The administration of Kshocolat, a Scottish brand that was well liked but never quite managed to make the cut through with consumers it needed to in order to survive, has been on the whole treated with sadness by marketers.
The company will close after over six years in business and mean the loss of 25 jobs across its shops in Glasgow, Edinburgh and London.
Formed in 2003 by CEO Simon Coyle, the brand aimed to sell ‘stylish’ and ‘luxurious’ chocolates to consumers such as chilli almond chocolate and champagne truffles.
Ultimately, despite receiving investment in 2008 of £1million, the company just wasn’t able to make it work, due, in some part, to the economic conditions.
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Kshocolat clearly had a great deal going for it and had created a strong concept within a very difficult marketplace.
Kenny Allan, former creative director of Third Eye Design (now Marque) which initially devised and developed the brand when it launched and continued to work with it through his own consultancy El Studio, said he was ‘surprised and saddened’ by the news.
“The initial discussions with Kshocolat were always to conceive a brand that reflected a luxury product but, importantly was accessible to a younger audience,” explained Allan as to how the brand was initially conceived.
“We needed to create a systematic approach to the design that initially would work across a range of over fifty products. Creating a consistent look was paramount and it was achieved through a combination of colour, textures and materials. The labels were also hand tipped which reflected a very craftsmanship approach.”
Nick Cadbury, creative director at branding agency Threebrand said he believed that anyone looking to take over the brand would need a full understanding of its marketplace in order to make a success of Kshocolat, but that he felt the brand’s consumers would welcome its revival.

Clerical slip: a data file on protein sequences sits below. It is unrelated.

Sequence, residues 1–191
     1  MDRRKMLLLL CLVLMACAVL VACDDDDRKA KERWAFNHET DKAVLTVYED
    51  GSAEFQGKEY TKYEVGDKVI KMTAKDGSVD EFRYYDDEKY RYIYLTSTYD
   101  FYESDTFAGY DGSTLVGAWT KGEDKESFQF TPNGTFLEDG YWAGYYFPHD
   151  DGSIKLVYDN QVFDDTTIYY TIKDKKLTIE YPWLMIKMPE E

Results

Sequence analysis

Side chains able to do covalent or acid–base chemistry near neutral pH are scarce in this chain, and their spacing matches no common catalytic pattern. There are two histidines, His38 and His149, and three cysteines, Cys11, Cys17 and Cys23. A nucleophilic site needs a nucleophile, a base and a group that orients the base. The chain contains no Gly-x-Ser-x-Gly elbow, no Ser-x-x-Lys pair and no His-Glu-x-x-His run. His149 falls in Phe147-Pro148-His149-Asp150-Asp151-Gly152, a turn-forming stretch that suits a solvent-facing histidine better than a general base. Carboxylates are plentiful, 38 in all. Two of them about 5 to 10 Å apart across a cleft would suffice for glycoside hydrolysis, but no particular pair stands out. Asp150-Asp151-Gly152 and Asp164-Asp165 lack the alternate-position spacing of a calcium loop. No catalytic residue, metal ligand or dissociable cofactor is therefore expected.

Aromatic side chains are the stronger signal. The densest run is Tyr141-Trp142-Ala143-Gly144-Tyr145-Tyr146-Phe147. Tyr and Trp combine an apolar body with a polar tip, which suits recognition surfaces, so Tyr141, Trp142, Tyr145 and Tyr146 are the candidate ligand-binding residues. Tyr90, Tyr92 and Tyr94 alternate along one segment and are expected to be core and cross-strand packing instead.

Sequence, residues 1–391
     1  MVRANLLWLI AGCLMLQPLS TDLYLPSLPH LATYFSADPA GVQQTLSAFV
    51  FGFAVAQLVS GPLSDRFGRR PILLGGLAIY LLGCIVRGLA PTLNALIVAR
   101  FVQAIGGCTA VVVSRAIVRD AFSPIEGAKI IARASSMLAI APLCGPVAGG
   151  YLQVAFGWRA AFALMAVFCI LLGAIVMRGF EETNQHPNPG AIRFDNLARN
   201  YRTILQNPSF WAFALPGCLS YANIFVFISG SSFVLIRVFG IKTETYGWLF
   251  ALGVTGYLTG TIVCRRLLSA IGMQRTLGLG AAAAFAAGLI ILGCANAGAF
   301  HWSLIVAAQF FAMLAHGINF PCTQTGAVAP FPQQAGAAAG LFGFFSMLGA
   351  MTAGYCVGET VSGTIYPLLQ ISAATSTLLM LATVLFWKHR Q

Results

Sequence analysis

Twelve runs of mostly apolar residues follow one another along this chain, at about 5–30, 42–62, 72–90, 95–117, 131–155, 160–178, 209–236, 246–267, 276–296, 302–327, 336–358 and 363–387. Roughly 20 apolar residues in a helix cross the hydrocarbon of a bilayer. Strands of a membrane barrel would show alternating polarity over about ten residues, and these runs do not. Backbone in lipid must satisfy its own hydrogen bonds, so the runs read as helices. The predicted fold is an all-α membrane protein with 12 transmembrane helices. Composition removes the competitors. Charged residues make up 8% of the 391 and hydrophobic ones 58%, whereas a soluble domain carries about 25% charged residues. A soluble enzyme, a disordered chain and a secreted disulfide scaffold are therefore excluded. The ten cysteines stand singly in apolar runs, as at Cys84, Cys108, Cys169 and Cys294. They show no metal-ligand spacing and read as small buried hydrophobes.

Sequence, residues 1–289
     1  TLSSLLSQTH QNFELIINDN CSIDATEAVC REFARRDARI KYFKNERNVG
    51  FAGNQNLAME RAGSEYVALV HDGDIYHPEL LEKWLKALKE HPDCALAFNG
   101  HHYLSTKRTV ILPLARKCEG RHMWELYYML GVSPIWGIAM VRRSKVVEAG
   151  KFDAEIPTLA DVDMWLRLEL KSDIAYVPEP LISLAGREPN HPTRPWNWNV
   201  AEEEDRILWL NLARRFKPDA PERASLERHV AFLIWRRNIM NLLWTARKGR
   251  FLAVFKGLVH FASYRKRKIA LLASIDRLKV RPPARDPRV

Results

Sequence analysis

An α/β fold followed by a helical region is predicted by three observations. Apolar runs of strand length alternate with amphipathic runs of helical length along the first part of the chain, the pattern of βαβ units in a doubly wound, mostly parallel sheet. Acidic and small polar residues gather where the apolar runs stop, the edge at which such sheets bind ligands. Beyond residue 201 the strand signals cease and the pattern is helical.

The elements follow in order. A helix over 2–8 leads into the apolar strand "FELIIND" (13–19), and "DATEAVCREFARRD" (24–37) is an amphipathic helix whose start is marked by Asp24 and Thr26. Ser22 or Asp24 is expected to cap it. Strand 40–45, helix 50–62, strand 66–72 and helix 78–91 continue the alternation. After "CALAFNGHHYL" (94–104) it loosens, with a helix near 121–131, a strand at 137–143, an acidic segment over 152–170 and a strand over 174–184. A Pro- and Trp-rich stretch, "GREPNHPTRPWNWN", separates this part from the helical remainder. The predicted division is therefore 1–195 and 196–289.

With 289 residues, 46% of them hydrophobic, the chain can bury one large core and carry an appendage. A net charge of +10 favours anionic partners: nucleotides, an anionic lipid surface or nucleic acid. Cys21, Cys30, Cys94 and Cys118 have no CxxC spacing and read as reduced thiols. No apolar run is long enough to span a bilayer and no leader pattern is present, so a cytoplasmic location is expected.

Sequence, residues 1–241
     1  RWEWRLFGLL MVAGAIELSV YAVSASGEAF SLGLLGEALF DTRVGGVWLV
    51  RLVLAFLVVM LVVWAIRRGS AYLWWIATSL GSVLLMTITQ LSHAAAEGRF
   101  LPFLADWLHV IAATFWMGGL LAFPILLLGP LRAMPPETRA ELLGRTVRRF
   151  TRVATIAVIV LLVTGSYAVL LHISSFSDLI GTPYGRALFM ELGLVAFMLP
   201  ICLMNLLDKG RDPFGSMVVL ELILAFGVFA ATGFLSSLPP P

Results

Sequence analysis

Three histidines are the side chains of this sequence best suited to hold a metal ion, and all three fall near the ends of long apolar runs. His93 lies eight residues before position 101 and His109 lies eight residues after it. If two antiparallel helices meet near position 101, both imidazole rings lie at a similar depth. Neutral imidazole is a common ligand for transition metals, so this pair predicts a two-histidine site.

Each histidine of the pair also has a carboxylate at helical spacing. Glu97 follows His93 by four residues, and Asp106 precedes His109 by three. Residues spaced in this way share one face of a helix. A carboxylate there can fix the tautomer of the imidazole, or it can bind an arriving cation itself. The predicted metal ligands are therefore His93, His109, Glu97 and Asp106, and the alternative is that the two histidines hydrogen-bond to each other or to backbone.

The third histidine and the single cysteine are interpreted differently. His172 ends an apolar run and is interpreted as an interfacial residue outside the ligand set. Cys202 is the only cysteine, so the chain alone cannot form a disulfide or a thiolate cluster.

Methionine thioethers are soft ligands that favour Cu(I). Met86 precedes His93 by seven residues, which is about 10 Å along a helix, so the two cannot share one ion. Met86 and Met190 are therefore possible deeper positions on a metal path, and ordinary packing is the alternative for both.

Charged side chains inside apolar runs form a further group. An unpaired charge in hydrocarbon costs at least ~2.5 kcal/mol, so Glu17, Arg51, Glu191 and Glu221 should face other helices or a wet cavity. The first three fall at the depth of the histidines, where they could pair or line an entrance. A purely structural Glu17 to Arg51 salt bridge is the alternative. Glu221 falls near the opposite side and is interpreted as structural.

During his involvement with the brand, Allan saw Kshocolat move from its initial focus of the luxury chocolate market, to target ‘a more mainstream’ market, a move he fully supported.
Gerry McCusker, managing director of Glasgow digital agency Dog Digital was also involved in the brand's position when his company was involved in the brand’s online presence.
He that he felt that while the product was heavily branded, the visual aspects of the brand were positioned ahead of the experiential part.
“Possibly consumers felt that the brand was too sophisticated for them, so chose to opt for a competitive product. I know that there was a strong drive to product sampling, but again the entry point may have been a little too refined a taste for the wider market,” explains McCusker when asked why the brand never broke through to the mainstream market.
“I feel they were caught between being something that was a special and infrequent buy, in a market full of frequent & impulsive buyers,” he added.
Asanka De Silva, managing director of brand consultancy Strateegia, believed that the Kshocolat brand has some interesting things to teach many brand owners, especially considering that he believed the brand lived up to the expectations created by its ‘stylish and contemporary’ position.
“A quick look at financial data of Kshocolat available publicly shows a very dismal picture. The company has failed to make any profits since the inception in 2001 despite a gross margin of approximately 44%. Although the company turnover increased significantly over the years, it does seem they’ve failed to get a grip on their cost base resulting in net losses every financial year.
“With increased competition in the modern world, it is no longer enough for companies to just develop superior brands and hope that they would make money. Marketers need to be commercially aware and be grounded in operational realities beyond their traditional communication focused approach.”
De Silva added that marketers need to be held accountable for ultimate profitability of their brands.
“The brand could still have a future under a new management if they were to take a harder look at the entire value chain from production through to consumer to create a sustainable model for future. Perhaps, this could fit well within an existing company operating in the same market or similar market that brings synergies to reduce cost base. Either way, let’s hope this isn’t the last we see of a well thought out good consumer proposition.”